credits with Doucette and Cook on three songs on North, including the bouncy first single, “She’s So Mean,” the aforementioned “Overjoyed”and “I Will,” a sweet, largely acoustic ballad. Cook and Doucette, meanwhile, co–wrote the song “The Way,” while Doucette and Cook each got sole writing credit for one song each, and Thomas wrote five songs on his own. And yes, North sounds very much like a Matchbox Twenty album with its mix of hooky upbeat pop rockers like “She’s So Mean,” “English Town” and “Radio” (the album’s lone Thomas/Doucette collaboration), mid–tempo tunes (“Parade” and “Like Sugar”) and graceful ballads (“Overjoyed,” “I Will” and “The Way”). Once the band regrouped (following a break during which Thomas recorded and released his 2009 solo album Cradle Songs), Thomas, Doucette and Kook got together for a series of writing sessions that produced some 50 song ideas. The entire band then headed to Nashville, moving into a cabin/studio, where they planned to refine and record a selection of songs for the

album. Things didn’t go as planned, although the group had fun, while consuming copious amounts of wine. “At the time we got to Nashville, we actually thought we were making the record. We were going to be the producer and start on our own,” Thomas said. “The Nashville time really just turned out to be a really expensive drunken/crash/bonding session.” Fortunately, one thing happened to put the project on track. Matt Serletic, who had produced the first three Matchbox Twenty albums, came to Nashville to produce another act and one night stopped in to see what Matchbox Twenty was cooking up for the album. A lengthy listening session to the songs–in–progress resulted in a realization. “After like two bottles of wine and three in the morning and him looking at everything we’re doing, we just kind of looked at him and said ‘We think you should produce this record,’” Thomas said. “‘You know what we’re trying to do. So let’s, next year, January, we’ll hit L.A. and we’ll start recording.’ That was kind of how we went about it.”

Thomas said the band is trying to cover lots of ground in its show. The band, though, is making sure to play its hits, devoting about half of its set to songs many concert–goers come to hear. “You want to play a bunch of album cuts, but at the same time I hate when I go to see a band, and there’s that one song I’ve been waiting to hear and they don’t play it,” Thomas said. “We’re still there to entertain and we’re still there to give somebody a great night,” he said. “They came and invested their time and their money, so you want to make sure they get what they want. But then you have that whole other half of the set that kind of becomes on different nights different album tracks and new tracks, covers and things like that.” cs Matchbox Twenty Where: Johnny Mercer Theatre, 301 W. Oglethorpe Ave. When: At 7:30 p.m. Tuesday, March 12 Opener: Matt Hires Tickets: $39–50–$74.40, through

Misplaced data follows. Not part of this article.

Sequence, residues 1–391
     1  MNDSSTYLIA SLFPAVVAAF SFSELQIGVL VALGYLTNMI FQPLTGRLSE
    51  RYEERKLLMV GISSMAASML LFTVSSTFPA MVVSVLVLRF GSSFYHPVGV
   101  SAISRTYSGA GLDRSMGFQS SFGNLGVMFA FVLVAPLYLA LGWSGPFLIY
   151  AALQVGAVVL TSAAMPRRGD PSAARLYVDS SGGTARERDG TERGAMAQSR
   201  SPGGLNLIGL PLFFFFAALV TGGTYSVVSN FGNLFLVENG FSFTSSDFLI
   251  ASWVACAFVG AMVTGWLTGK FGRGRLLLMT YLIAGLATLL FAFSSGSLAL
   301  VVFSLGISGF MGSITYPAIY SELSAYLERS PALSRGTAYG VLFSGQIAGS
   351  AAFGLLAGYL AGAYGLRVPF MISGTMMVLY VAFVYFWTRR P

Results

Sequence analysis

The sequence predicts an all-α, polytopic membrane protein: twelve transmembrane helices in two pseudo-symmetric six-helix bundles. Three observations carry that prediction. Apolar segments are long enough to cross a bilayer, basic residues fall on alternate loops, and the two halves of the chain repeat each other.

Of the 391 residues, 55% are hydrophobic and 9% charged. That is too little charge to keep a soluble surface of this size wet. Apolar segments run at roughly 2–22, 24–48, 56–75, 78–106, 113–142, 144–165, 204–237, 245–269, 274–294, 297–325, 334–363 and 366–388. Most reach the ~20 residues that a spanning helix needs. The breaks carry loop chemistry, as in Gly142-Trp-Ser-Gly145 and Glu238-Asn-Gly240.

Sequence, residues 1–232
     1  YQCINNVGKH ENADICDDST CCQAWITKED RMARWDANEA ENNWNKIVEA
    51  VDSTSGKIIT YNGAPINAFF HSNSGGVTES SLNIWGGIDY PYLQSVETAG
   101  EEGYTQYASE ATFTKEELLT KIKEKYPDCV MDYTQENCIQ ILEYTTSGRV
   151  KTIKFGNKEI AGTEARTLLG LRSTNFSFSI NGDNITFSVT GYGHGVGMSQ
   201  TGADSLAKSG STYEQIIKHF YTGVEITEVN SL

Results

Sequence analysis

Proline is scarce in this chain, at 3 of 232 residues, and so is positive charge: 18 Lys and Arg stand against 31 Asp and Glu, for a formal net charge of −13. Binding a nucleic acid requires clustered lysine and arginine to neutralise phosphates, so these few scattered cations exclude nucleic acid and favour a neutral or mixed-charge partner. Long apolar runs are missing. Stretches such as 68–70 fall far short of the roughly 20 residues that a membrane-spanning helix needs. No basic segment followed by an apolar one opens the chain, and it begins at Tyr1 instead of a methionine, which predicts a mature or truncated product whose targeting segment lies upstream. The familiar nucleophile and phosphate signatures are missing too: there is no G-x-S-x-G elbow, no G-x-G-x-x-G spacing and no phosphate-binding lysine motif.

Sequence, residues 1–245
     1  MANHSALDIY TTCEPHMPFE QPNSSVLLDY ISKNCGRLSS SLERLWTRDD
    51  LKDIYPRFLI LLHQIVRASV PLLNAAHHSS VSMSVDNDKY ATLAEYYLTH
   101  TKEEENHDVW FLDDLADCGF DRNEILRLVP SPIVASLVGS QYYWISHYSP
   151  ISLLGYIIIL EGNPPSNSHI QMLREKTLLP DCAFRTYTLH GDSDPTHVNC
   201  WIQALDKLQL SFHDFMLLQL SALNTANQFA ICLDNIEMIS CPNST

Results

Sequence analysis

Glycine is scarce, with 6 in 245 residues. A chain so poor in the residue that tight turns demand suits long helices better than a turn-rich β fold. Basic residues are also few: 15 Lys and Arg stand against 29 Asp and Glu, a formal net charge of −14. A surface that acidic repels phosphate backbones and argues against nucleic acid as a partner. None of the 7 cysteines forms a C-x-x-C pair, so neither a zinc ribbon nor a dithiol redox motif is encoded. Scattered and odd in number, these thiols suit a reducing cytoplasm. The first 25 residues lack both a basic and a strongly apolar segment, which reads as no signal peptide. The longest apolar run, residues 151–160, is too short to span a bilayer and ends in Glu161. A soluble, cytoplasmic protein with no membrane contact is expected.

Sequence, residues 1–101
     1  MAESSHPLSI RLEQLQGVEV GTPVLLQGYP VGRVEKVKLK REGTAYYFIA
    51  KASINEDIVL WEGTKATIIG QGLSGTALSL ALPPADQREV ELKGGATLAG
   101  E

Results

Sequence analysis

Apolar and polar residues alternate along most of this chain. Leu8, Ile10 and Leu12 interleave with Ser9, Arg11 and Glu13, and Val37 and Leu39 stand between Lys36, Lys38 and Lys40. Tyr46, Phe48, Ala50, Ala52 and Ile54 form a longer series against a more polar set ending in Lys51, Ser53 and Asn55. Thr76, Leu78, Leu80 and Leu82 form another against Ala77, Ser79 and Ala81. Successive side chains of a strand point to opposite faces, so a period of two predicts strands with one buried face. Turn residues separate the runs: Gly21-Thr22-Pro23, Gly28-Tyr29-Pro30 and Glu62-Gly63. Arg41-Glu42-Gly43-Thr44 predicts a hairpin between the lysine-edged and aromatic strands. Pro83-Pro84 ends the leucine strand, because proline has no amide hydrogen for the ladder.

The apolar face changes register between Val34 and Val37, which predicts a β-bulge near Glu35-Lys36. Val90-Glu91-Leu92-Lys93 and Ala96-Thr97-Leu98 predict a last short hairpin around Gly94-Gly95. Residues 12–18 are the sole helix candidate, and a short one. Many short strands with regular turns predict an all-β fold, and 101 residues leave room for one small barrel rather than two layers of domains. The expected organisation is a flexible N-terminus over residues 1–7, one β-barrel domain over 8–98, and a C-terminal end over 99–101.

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swirled — was that Doucette and Cook, in particular, showed how much they had grown as songwriters very quickly once the three started writing together. “All that (concern about losing control of the songwriting) kind of stopped when we got together and started writing,” Thomas said. “Like a song like ‘Overjoyed’ that I wrote with Paul and Kyle, I like that as much as I like anything that I’ve ever written alone. So that’s really where the proof is. I’ll write a song with my dog if it’s a good song.” And the band had some fun making label and management personnel guess about the songwriting on North. “We would play them things and never let them know who wrote what,” Thomas said. “Sometimes I think people my have a predisposition, and a song like ‘Overjoyed,’ I remember somebody from my label coming to me after he heard it and (being) like ‘That’s beautiful. I know that’s one you wrote.’ ‘No, actually it wasn’t at all.’” In the end, Thomas shares writing


feature | from previous page


You’d started as a bebop pianist. During those heady success days, did you miss that simplicity?


Bob James: Every time I go too far away from it, I do miss it. I do feel almost a responsibility, as a pianist, to perform in that classic mode, the piano bass drums trio. I love doing it, and I still do some gigs in that mode. Even more stripped away, the biggest possible challenge for a pianist is to have nothing else, just the piano, and play solo. I’ve done very, very little of that, and this concert coming up is a big challenge for me. I’m excited about it, but also nervous because I won’t have any of my comrades there that can play the next solo while I rest a little bit. There’s no place to hide!



of my artist personality was definitely those arrangements that came out of my training in college.

by Bill DeYoung

One of the most commercially successful jazz musicians of the 1970s and ‘80s, pianist Bob James is in the history books as one of the prime movers in the “smooth jazz” movement. What does that mean, exactly? For James, who’d arranged and/or produced seminal works by the likes of Grover Washington Jr., Stanley Turrentine and Maynard Ferguson, it meant he had enormous success with his own albums of beautifully written and arranged jazz, with memorable melodies and elegant airs. He took a lot of flak for what some critics (and musicians too) perceived as a commercial distillation of the jazz ethos. Still, One, BJ4, Touchdown, Lucky Seven and others re–wrote what jazz could be. James’ collaborations with guitarist Earl Klugh (One on One, Two of a Kind) and David Sanborn (Double Vision) expanded the audience enormously. He won a pair of well–deserved Grammys. And his albums still sound great today. Since 1991, James has anchored the jazz supergroup Fourplay (with Nathan East, Chuck Loeb and Harvey Mason), which continues to play to Beatlemania–scale audiences in the Far East and elsewhere. He’s lived in the Savannah area (for a quarter of each year) since the early 2000s, and has lately been gigging and recording with local guitar virtuoso Howard Paul.